Registered Aboriginal Parties
Registered Aboriginal Parties (RAPs) are organisations that hold decision-making responsibilities under the Aboriginal Heritage Act 2006 for protecting Aboriginal cultural heritage in a specified geographical area.
Who are the Registered Aboriginal Parties?
The Victorian Aboriginal Heritage Council determines which applicants will be registered as RAPs. There are currently 9 RAPs in Victoria, listed in alphabetical order below:
- Barengi Gadjin Land Council Aboriginal Corporation
- Dja Dja Wurrung Clans Aboriginal Corporation
- Eastern Maar Aboriginal Corporation
- Gunditj Mirring Traditional Owners Aboriginal Corporation
- Martang Pty Ltd
- Taungurung Clans Aboriginal Corporation
- Wathaurung Aboriginal Corporation
- Wurundjeri Tribe Land and Compensation Cultural Heritage Council Inc.
- Yorta Yorta Nation Aboriginal Corporation
These RAPs currently cover approximately 50% of Victoria.
The Gunaikurnai Land and Waters Aboriginal Corporation was placed under Special Administration on 7 November 2016. The registration of a RAP is revoked if it is placed under administration (which includes Special Administration), as outlined in section 156(2)(b) of the Aboriginal Heritage Act 2006. Consequences of a RAP being placed under Special AdministrationDOC (96.95 KB)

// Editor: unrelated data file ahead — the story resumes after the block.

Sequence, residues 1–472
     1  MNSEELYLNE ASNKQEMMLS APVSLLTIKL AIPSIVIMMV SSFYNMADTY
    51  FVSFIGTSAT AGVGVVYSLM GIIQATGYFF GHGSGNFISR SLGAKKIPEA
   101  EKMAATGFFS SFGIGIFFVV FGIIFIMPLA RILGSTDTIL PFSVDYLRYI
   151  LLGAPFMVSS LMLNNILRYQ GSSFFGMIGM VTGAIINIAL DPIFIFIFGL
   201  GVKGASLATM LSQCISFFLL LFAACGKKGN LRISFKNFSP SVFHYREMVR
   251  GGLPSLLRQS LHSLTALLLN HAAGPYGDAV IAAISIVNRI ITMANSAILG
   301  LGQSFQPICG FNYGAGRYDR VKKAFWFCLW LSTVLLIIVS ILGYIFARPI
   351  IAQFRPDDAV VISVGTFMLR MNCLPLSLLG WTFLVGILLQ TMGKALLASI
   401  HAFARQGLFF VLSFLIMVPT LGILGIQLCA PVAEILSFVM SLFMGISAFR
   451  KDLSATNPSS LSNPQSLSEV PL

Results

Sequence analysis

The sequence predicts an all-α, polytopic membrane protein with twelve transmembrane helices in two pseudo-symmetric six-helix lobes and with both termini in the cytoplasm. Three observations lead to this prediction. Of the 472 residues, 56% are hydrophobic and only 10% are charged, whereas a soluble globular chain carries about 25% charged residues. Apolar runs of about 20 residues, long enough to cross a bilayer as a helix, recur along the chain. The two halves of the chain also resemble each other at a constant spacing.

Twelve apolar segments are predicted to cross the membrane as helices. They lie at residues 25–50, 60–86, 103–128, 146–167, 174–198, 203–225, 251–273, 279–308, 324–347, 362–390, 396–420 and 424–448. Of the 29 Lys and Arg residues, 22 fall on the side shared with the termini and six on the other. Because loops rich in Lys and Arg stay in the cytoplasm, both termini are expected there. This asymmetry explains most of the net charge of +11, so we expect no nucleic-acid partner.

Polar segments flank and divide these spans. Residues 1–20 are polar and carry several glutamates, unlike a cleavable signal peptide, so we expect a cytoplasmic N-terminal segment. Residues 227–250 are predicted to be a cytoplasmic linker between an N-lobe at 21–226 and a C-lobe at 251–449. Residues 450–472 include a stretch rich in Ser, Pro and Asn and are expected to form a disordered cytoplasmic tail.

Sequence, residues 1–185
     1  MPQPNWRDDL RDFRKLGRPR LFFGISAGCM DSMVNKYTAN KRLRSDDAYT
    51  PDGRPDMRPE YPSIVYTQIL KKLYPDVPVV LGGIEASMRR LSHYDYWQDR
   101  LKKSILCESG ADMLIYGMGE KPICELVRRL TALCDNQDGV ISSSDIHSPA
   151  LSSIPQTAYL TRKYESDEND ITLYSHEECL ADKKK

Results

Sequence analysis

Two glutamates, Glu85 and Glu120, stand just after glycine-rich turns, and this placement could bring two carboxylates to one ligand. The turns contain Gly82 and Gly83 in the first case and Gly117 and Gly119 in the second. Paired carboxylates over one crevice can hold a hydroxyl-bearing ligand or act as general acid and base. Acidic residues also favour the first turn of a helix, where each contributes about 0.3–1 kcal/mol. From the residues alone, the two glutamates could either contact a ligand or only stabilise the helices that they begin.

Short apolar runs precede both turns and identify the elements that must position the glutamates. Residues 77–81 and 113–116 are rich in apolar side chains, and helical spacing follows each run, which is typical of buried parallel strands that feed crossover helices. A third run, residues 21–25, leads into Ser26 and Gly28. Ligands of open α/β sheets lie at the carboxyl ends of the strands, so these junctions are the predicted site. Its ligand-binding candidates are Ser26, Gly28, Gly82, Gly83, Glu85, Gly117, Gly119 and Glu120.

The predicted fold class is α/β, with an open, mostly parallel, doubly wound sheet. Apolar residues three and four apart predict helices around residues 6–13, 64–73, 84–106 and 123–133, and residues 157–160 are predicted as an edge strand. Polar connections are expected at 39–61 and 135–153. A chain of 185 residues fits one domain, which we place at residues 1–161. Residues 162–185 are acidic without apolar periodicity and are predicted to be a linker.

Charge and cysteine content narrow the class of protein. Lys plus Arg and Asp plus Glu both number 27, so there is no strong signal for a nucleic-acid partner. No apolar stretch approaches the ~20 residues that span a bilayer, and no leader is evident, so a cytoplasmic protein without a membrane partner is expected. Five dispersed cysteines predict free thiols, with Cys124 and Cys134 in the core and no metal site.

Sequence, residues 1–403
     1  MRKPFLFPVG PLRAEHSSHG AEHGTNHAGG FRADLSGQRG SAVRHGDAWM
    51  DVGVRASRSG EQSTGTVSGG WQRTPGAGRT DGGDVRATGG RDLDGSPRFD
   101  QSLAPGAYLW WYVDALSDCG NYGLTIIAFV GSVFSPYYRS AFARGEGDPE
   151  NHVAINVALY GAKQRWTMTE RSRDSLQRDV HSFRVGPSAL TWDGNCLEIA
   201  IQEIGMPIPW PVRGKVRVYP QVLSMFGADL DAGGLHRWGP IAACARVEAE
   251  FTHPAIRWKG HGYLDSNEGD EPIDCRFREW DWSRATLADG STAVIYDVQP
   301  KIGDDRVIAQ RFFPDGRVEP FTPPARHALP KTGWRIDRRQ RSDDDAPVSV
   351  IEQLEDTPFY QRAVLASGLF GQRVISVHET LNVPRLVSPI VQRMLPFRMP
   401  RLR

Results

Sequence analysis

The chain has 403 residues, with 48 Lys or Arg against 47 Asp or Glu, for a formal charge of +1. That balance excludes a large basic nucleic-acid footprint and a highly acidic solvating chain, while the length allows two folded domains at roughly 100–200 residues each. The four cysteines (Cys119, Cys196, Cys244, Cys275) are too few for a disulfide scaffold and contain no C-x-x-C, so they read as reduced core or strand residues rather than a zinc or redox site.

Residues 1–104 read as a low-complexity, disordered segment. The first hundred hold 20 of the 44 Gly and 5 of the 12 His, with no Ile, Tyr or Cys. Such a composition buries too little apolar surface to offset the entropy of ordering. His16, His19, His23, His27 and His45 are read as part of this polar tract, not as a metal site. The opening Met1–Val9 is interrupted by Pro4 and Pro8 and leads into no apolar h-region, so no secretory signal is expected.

For further information on the role of RAPs and consequences of a RAP being placed under Special Administration, see Aboriginal Heritage Management - Guides, Forms and Practice Notes.
Online map tool
The location of each RAP can be viewed by using the Online map tool. Select the Layers button on the toolbar above the map and then select the checkbox next to Appointed RAPs.
Statewide map of RAPs Statewide map of RAPsPDF (1.93 MB)
Please note this is a high resolution map and may take some time to download.
How Registered Aboriginal Parties fit into the Aboriginal Heritage Act 2006
The Victorian Aboriginal Heritage Act 2006 (the Act) recognises Aboriginal people as the primary guardians, keepers and knowledge holders of Aboriginal cultural heritage.
What do RAPs do?
At a local level RAPs are the voice of Aboriginal people in the management and protection of Aboriginal cultural heritage in Victoria. RAPs provide a wide range of services to the wider community.
RAPs have responsibilities under the Act relating to the management of Aboriginal cultural heritage, including:
- evaluating Cultural Heritage Management Plans
- determining Cultural Heritage Permit applications
- making decisions about Cultural Heritage Agreements
- providing advice or application for interim or ongoing Protection Declarations
- entering into Aboriginal Cultural Heritage Land Management Agreements with public land managers
- nominating Aboriginal intangible heritage to the Victorian Aboriginal Heritage Register and entering into Aboriginal intangible heritage agreements.
To learn more on the tasks performed by RAPs, read the:
Are you interested in becoming a Registered Aboriginal Party (RAP)?
You can make an application via the Victorian Aboriginal Heritage Council.
Read the information sheet on How to become a Registered Aboriginal Party.
How to become a Registered Aboriginal PartyDOC (201.28 KB)
Heritage fees and penalties
The Aboriginal Heritage Regulations 2007 Act prescribe fees and penalties payable to Registered Aboriginal Parties for their responsibilities for protecting Aboriginal cultural heritage.